European Union ambassador to the Philippines Franz Jessen said moving the peace process with leftist rebels has been an important breakthrough of President Duterte in his first 100 days. Jessen, however, noted a lot of changes in terms of “new language” and many interpretations of statements. President Duterte had been thrown into fits of cussing and swearing at the EU as well as United Nations and US President Obama for their criticisms on summary killings of drug addicts that have reached more than 3,000.
“One hundred days passed very fast, lots of changes, new policies, new language, and many interpretations of statements and developments,” said ambassador Jessen in his open letter posted on the Facebook website of EU in the Philippines. In his assessment of Duterte’s first 100 days, Jessen said “the ongoing peace process remains an area where President Duterte may have an early and very important breakthrough.” This week, he said talks between the Philippine government and rebels continue in Norway. “We all hope that an agreement will soon be reached between the different parties, so that needed peace and stability in Mindanao can be used as a basis for further developments in Mindanao and the Philippines.” He said the EU-Philippines strong cooperation continues with the successful hosting of the first EU-Philippines Business Summit that gathered 300 businessmen. Jessen said European businessmen remain keen on investing in the Philippines particularly in the area of energy. Times have been rough for the EU and other multilateral organizations taking harsh blows from President’s cursing, but Jessen said part of his task “ is to understand changes, new ideas and views” of the Philippines as host country.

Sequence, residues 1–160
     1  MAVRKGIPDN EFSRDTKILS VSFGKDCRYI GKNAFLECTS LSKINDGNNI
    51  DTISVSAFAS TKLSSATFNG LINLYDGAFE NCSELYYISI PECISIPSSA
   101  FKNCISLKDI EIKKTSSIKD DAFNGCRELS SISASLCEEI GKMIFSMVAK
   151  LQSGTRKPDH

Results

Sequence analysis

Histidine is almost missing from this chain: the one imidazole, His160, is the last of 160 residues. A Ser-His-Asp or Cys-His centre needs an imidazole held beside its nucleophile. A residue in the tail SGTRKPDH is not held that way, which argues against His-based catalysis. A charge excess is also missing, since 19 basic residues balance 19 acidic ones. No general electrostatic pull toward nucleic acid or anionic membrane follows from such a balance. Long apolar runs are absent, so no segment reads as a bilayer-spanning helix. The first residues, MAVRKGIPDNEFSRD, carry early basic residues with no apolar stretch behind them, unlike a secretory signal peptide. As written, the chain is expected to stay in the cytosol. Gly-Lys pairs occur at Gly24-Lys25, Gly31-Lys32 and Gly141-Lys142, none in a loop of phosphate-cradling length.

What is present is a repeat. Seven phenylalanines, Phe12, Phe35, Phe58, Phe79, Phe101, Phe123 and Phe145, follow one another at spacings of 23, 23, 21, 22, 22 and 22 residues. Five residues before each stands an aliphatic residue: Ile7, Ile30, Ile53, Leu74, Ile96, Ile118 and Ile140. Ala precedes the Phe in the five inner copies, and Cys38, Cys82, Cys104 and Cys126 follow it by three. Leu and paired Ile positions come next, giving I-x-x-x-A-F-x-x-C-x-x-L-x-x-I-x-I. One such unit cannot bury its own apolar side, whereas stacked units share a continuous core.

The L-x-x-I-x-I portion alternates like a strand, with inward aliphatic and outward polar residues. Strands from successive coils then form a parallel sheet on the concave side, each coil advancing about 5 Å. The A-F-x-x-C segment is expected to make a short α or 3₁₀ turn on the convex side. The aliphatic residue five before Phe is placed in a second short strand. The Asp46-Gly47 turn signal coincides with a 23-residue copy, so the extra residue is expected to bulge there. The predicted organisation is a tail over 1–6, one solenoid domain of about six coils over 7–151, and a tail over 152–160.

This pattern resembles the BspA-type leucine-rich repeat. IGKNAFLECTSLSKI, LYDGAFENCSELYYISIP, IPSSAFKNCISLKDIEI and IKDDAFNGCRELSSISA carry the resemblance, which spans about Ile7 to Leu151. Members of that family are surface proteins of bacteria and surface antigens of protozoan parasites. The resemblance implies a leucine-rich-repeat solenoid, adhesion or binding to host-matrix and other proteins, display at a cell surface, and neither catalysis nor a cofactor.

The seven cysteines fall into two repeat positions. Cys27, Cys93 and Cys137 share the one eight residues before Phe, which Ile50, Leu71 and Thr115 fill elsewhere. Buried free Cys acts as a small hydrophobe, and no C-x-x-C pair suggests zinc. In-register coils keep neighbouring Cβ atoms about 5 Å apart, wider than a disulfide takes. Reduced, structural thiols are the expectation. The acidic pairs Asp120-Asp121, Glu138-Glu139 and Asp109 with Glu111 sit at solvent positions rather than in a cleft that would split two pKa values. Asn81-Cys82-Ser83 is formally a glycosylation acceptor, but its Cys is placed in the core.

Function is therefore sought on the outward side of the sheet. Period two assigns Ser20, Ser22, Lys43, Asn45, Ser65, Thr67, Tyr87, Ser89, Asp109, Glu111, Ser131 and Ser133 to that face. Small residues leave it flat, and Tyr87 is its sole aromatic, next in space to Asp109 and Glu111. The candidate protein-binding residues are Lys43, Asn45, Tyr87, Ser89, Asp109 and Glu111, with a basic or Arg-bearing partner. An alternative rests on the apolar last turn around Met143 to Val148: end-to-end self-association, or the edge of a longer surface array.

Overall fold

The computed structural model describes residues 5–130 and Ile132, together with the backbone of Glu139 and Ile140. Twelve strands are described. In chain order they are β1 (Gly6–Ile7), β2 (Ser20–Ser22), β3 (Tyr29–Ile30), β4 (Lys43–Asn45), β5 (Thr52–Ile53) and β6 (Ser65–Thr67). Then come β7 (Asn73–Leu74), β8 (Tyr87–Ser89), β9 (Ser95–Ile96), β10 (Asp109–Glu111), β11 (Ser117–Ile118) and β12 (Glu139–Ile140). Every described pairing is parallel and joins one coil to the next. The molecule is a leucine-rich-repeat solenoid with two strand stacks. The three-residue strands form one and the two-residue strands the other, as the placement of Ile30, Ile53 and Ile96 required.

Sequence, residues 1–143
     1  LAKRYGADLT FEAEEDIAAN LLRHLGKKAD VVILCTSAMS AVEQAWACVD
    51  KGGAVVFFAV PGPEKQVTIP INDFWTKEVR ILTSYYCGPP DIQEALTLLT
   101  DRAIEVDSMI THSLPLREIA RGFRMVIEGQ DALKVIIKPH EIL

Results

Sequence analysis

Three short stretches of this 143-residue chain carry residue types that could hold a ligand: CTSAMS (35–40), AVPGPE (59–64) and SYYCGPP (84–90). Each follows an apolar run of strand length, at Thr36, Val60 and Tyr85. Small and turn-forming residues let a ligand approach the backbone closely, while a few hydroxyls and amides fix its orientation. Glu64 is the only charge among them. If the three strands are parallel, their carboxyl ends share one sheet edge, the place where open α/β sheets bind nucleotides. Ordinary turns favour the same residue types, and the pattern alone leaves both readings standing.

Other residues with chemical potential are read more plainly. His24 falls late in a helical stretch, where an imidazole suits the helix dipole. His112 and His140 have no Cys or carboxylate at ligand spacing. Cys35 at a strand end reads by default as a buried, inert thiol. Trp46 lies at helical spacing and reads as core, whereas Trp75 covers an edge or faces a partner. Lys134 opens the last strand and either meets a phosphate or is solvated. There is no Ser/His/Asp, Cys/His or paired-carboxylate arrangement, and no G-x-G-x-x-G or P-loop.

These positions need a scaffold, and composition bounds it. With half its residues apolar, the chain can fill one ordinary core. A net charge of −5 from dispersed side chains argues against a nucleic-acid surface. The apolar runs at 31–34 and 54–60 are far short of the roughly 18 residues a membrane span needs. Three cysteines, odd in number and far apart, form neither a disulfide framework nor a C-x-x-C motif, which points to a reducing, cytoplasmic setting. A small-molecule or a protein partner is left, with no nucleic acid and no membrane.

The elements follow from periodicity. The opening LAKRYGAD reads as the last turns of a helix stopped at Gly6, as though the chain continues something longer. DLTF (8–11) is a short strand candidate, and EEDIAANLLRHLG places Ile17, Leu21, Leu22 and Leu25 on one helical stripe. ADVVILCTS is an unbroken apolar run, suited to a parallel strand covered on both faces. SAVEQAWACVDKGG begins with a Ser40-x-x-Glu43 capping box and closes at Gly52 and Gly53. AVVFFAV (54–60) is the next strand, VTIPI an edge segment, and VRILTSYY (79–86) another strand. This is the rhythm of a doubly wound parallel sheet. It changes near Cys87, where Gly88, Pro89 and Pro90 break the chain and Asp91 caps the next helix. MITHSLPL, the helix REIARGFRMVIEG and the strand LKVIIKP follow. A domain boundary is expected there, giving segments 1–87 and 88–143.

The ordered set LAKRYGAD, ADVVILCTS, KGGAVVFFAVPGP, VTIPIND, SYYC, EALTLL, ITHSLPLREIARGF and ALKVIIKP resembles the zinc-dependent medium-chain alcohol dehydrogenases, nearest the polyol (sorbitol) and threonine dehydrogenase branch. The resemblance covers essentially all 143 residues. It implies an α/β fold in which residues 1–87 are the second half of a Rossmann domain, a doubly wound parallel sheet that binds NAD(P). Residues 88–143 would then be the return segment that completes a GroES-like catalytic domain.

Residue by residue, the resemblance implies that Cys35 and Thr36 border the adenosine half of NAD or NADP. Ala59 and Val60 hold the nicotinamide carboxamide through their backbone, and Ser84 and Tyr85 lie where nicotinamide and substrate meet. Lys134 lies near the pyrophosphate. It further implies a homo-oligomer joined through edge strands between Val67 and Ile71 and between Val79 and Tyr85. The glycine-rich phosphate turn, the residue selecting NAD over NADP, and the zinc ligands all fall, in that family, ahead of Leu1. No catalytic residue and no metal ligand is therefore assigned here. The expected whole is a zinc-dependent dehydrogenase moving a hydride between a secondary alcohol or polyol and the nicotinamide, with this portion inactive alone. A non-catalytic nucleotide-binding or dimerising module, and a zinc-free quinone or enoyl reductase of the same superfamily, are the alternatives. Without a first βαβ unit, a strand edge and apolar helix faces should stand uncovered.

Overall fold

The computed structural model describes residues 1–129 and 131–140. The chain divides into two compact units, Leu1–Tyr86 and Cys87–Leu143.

The EU envoy also enjoyed engaging Filipinos on the ground and narrated his first time eating “balut” and learning Tagalog. Jessen said he achieved hands on learning on three things this week:” I found a street vendor who sold balut, and bought; I ordered a barong and I started Tagalog. Time will show how and if eating traditional Philippines dishes, wearing traditional Philippine clothes and speaking the national language will help my understanding of life in the Philippines.”
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